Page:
Christian baker Jack Phillips of Colorado is facing a third lawsuit over his refusal on religious grounds to make certain cakes, the latest legal battle for the Masterpiece Cakeshop owner.
Transgender woman Autumn Scardina filed a second lawsuit against Phillips last Wednesdayin District Court for the city and county of Denver, Colorado.
In the new lawsuit, Scardina claimed that Phillips violated Colorado's Anti-Discrimination Act and Consumer Protection Act by refusing to bake what the plaintiff labeled a "birthday cake."
The "birthday cake" as described in the lawsuit, which was to be blue on the outside and pink on the inside, was supposed to symbolize Scardina's transition from male to female.
Scardina is being represented by attorneys Paula Greisen and John McHugh. In an interview with local outlet CBS 4, Greisen said that the "dignity of all citizens in our state needs to be honored."
"Masterpiece Cakeshop said before the Supreme Court they would serve any baked good to members of the LGBTQ community. It was just the religious significance of it being a wedding cake," claimed Greisen. "We don't believe they've been honest with the public."
Jim Campbell, senior counsel with the Alliance Defending Freedom, which has represented Phillips in his past litigation, said in a statement that was mere harassment.
"A new lawsuit has been filed against Masterpiece Cakeshop that appears to largely rehash old claims. The State of Colorado abandoned similar ones just a few months ago," stated Campbell, as reported by CBS.
"So this latest attack by Scardina looks like yet another desperate attempt to harass cake artist Jack Phillips. And it stumbles over the one detail that matters most: Jack serves everyone; he just cannot express all messages through his custom cakes."
Over the past few years, Phillips and his Masterpiece Cakeshop have been the subject of litigation aimed at forcing the baker to provide services for events that he is opposed to for religious reasons.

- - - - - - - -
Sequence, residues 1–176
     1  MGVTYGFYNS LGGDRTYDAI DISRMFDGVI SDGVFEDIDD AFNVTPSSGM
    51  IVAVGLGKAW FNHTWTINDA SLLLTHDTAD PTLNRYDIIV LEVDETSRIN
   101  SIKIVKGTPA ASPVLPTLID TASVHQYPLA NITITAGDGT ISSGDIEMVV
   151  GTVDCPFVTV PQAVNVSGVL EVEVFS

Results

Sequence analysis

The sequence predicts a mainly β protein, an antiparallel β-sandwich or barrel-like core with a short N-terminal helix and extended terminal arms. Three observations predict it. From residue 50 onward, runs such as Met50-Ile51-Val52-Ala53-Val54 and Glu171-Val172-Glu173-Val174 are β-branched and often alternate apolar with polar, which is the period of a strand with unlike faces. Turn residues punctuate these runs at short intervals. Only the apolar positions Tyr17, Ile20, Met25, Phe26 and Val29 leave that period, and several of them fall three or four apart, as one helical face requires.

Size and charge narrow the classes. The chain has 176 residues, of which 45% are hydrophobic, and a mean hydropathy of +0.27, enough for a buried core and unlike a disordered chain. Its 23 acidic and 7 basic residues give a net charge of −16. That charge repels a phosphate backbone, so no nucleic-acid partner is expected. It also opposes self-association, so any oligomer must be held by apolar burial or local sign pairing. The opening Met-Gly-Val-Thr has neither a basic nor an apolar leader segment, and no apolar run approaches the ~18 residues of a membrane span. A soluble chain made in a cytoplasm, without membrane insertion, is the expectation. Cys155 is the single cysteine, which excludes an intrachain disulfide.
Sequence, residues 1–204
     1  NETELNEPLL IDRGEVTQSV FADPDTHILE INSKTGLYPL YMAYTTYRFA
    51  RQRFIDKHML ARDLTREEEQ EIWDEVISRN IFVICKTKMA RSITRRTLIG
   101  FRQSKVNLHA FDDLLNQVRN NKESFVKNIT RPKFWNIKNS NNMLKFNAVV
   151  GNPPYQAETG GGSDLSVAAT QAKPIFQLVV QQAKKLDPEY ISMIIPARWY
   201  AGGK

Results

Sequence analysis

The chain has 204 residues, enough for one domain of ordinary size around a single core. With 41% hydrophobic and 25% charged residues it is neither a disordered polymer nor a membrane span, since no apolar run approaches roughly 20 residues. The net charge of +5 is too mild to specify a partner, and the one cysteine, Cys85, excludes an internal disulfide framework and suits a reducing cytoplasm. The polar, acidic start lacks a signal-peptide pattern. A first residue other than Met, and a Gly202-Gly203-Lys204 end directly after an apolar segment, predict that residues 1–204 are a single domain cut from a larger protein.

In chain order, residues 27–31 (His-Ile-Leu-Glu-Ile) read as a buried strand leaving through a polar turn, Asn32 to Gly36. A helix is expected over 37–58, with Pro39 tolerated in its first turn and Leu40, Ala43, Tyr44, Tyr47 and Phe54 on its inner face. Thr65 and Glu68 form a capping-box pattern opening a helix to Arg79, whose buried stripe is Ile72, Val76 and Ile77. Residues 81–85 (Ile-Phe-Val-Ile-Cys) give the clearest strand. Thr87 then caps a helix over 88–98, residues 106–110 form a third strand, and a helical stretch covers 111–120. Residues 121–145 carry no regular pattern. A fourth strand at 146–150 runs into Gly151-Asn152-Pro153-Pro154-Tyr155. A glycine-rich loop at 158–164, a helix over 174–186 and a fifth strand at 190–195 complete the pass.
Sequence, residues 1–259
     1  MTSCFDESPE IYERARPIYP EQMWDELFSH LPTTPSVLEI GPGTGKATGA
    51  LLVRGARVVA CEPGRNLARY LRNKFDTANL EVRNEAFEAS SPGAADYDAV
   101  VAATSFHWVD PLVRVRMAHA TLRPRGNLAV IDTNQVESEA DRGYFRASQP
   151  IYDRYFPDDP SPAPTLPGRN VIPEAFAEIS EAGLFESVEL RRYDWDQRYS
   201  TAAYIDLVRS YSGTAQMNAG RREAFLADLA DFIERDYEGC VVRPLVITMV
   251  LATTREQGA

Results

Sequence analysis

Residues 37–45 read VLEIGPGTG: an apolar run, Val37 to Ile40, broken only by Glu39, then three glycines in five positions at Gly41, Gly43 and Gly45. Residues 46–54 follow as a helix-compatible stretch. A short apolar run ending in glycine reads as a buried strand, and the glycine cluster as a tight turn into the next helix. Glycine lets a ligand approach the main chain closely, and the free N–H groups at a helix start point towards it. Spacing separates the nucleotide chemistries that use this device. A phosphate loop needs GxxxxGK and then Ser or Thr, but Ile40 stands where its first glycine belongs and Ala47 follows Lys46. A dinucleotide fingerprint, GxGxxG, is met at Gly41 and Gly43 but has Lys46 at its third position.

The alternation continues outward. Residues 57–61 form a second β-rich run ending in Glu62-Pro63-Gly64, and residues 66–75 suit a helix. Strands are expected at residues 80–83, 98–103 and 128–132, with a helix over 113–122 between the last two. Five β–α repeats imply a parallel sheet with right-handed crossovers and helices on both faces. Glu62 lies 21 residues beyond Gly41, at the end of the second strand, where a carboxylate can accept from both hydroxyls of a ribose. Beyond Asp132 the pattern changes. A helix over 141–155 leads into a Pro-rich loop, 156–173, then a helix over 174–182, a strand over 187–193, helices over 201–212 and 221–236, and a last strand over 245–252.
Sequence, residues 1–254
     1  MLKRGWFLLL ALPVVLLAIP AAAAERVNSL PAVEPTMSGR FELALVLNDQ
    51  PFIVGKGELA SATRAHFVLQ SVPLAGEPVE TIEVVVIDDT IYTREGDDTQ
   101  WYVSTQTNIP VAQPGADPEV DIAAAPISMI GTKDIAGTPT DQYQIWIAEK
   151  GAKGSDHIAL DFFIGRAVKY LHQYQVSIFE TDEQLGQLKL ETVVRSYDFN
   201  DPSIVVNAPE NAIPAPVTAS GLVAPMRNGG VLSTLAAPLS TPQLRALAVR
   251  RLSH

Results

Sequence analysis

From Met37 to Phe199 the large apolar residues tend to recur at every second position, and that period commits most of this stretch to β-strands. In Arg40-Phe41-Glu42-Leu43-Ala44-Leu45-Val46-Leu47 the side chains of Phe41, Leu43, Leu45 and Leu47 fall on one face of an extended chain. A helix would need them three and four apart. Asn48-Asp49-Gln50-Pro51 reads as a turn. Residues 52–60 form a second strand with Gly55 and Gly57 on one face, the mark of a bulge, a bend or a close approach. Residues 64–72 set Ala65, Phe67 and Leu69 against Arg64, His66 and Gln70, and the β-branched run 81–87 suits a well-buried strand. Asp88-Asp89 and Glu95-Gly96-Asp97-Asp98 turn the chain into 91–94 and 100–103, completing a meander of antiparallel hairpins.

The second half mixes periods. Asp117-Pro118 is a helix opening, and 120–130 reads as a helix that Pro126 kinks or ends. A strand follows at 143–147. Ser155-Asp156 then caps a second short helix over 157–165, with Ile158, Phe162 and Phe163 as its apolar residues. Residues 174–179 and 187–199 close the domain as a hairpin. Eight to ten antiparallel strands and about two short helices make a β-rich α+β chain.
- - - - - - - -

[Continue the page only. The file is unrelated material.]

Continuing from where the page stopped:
Last year, the United States Supreme Court ruled 7-2 in Masterpiece Cakeshop v. Colorado Civil Rights Commission that Colorado's Civil Rights Commission was wrong to punish Phillips for refusing to make a same-sex wedding cake.
The Supreme Court ruled that the Commission violated Phillips' right to free exercise of religion due to the bias showed in their application of civil rights law.
"To describe a man's faith as 'one of the most despicable pieces of rhetoric that people can use' is to disparage his religion in at least two distinct ways: by describing it as despicable, and also by characterizing it as merely rhetorical—something insubstantial and even insincere," wrote Justice Anthony Kennedy for the majority.
"This sentiment is inappropriate for a Commission charged with the solemn responsibility of fair and neutral enforcement of Colorado's anti-discrimination law—a law that protects discrimination on the basis of religion as well as sexual orientation."
Soon after, Scardina filed a complaint with the Commission against Phillips over his refusal to make a cake celebrating Scarinda's gender transition. In response, Phillips sued Colorado last August.
In March, Colorado and Phillips both agreed to drop their respective litigation, with Colorado Attorney General Phil Weiser stating that "both sides agreed it was not in anyone's best interest to move forward with these cases."
"The larger constitutional issues might well be decided down the road, but these cases will not be the vehicle for resolving them," said Weiser earlier this year.
"Equal justice for all will continue to be a core value that we will uphold as we enforce our state's and nation's civil rights laws."
The third lawsuit is allowed because the agreement between Colorado and Phillips provided Scardina the right to pursue separate litigation against the Christian baker.
Courtesy of The Christian Post